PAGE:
Aborted PCT trip

As part of my sabattical, I planned on hiking a week’s worth of the Wunderland trail around Mt Rainier. when I looked at their website the trail conditions reports says that snow is bad enough that all four parties that had tried aborted by the end of the first day.So I went back to plan A, the Pacific Crest Trail. Robie and I hiked up the Eagle Creek Trail about 5 miles and camped. Very nice hike. Lot’s of day hikers, but not a lot of campers. The next morning, we hiked up to Tunnel falls. (click the picture to make it bigger) At that point Robie headed back to the car and I continued up Eagle Creek trail towards the PCT. Quite a nice hike. Another 7 miles and 3000 feet of elevation gain later, I arrived at Wahtum lake. I continued on to Indian Creek The view wasn’t as nice, but fewer mosquitos. The next day, I continued south on the PCT. The first 5 miles to Bull Mountian was great. Level trail. Shaded. On the West side of the ridge. (Sun does up in the East, remember). As I approached the two peaks Preachers Peak and Devil’s Pulpit, trail ocnditions weren’t as good. Lot’s of snow drifts across the trail but you could generally see where the trail continues. I wouldn’t want to hike this in tennis shoes, but the edges of my boots held pretty well. Drains a lot of energy though.
The real trouble began in the saddle round the two peaks. It took me at least an hour to find the continuation of the trail. In places, I saw trail markers, but mostly it was guessing based on where the trail should be going. I was very happy to find the other end, but worried. I hiked on a bit and came to the junction with Huckleberry trail which goes down to Lost Lake. At this point, the trail was clear of snow and I continued re-assured that I had a way out. Well about .5 mile later, I came across another snow field. I figured that even if I could find the other end, I’m starting to push my luck. This is a solo trip. So I went back to the Huckleberry trail and hiked down to lost lake. I managed to get a text to Robie from my cell phone when I got to a part of the trail that was high and open. Hopefully, it’d make it through and she’d get me. Three miles later (2 miles to the lake, and another to get to the other side) I arrived at their general store. They didn’t have a phone there, but one of the guys was nice enough to drive me up the road when cell phone was workable. I called Robie to find out she’s already on her way. So my trip ended early. 5 days early. That’s a lot of food to carry for nothing. It was a very nice trip anyway.

window fan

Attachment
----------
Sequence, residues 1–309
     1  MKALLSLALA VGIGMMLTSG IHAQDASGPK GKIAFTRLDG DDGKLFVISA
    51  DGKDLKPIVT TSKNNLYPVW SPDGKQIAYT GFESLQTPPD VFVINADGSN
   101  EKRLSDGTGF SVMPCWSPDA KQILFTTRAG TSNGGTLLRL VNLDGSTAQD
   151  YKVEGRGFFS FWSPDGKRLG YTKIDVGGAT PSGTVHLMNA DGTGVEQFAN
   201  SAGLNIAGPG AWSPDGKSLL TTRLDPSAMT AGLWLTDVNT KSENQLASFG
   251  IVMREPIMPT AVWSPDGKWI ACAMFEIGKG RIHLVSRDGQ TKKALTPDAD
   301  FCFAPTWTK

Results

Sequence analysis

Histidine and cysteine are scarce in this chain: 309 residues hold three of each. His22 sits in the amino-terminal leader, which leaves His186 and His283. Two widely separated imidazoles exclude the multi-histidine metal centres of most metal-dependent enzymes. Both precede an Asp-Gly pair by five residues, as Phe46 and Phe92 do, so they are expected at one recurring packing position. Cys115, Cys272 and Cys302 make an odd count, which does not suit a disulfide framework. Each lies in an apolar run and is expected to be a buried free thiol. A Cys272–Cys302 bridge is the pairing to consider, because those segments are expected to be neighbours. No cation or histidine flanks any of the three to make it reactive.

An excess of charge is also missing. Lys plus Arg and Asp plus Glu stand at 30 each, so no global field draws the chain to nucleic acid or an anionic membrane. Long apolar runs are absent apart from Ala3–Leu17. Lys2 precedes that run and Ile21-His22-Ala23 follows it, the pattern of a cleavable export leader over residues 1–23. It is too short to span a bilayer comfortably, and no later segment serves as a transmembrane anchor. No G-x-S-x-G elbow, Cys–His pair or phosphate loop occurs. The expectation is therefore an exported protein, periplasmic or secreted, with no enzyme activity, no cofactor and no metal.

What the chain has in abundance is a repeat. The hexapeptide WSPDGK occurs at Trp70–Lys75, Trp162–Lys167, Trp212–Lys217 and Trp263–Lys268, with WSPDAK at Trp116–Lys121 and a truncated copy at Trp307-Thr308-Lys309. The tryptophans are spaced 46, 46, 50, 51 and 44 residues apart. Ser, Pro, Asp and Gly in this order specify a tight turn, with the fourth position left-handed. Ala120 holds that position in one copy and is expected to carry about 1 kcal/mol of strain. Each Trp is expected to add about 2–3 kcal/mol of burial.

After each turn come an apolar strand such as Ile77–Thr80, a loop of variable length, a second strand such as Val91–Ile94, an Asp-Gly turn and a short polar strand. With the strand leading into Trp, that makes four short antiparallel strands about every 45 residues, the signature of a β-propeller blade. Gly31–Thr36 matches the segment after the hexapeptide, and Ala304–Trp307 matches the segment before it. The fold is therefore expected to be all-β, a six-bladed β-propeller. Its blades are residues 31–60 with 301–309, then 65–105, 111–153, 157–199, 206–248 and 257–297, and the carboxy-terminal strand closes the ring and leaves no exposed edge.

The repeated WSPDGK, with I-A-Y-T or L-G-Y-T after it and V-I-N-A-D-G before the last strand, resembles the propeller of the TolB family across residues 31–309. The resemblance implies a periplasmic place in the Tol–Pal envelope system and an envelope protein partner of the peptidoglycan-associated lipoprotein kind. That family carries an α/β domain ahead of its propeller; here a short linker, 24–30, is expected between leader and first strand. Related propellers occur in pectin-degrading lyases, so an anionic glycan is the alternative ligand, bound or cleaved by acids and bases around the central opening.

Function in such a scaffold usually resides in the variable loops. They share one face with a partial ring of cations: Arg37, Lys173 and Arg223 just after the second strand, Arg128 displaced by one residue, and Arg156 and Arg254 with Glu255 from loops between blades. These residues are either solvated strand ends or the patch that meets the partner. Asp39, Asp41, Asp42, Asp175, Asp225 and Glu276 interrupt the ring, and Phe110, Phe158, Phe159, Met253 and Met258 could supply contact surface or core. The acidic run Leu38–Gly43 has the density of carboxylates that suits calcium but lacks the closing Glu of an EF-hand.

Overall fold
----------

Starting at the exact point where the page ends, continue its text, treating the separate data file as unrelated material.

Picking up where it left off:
Being on sabbatical has given me time to catch up on blogging about my projects. The frequency of posts will surely go back down when I go back to work.While living ast my old house in Beaverton, my bedroom took forever to cool down on hot summer days. The ceiling fan didn’t do the trick as it just moved air around. What I need was to force the hot air out of the house. When I was a kid, we put a fan in the door or window, but thinking back that didn’t seem like it’d be too effective. he fan needs to be sealed into the window. Here’s a picture of the fan I use in my house here in Portland (click for a larger image): It works very well and is essentially the same as a whole house fan, only cheaper and easier to install. Not as pretty though. On the topic of cooling the house, there are two home improvement projects I recommend as the first ones that anyone should consider. The first is an attic fan. I installed it myself and it’s about $150 in parts total. In most homes (vaulted ceilings being a notable exception) you have the ceiling of the top floor, insulation, attic space (even if unfinished) and then the roof. In the summertime, that attic space gets HOT. Even a concrete sidewalk can be hot if it cooks in the sun all day. Temps in the attic of 130 degrees is not unusual. So think about it. right above your ceiling you have this bubble of hot air trying to push it’s way in. When the sun goes down, this bubble doesn’t just go away. Here comes the attic fan to the rescue. The fan in installed on the roof and serves to pull the hot air out of the attic to be replaced with air from the outside. For most places this outside air is somewhere less than 130 degrees. The differential between the air in your bedroom and that in the attic is less and the insulation is better able to do its job. Also in the evening, when the outside air temp drops, you’ll get the benefit of this much quicker. An attic fan is the first upgrade any homeowner should think about. You will see an IMMEDIATE difference. A second upgrade is to add attic insulation. This is something most people can do themselves. In many homes, the attic doesn’t have any insulation at all, this was the case in my friend Kevin’s house. My 14 year old Beaverton house had lots of thin spots where they skimped on insulation. Go to Home Depot or Lowes and in the insulation dept, you’ll find bundles of insulation. Not the fiberglass batts, but the stuff you need a vacuum cleaner type device to install. Most stores will “rent” this device to you for free if you buy a minimum amount. In my own house, I was able to add about 12″ of insulation to my attic for ~$150. Again, I saw an immediate improvement. It’s a two person job. One to work the hose in the attic and the other to feed the bundles into the vacuum. Also, it makes a mess. Nothing good dusting and vacuuming (the normal household kind this time) won’t fix. Also, a good respirator is a must. Two last notes. One: this is not the itchy fiberglass stuff. (though the new fiberglass doesn’t itch anymore either). Two, be careful in the attic. drywall will not hold you up. step only on the wooden 2x4s and 2x6s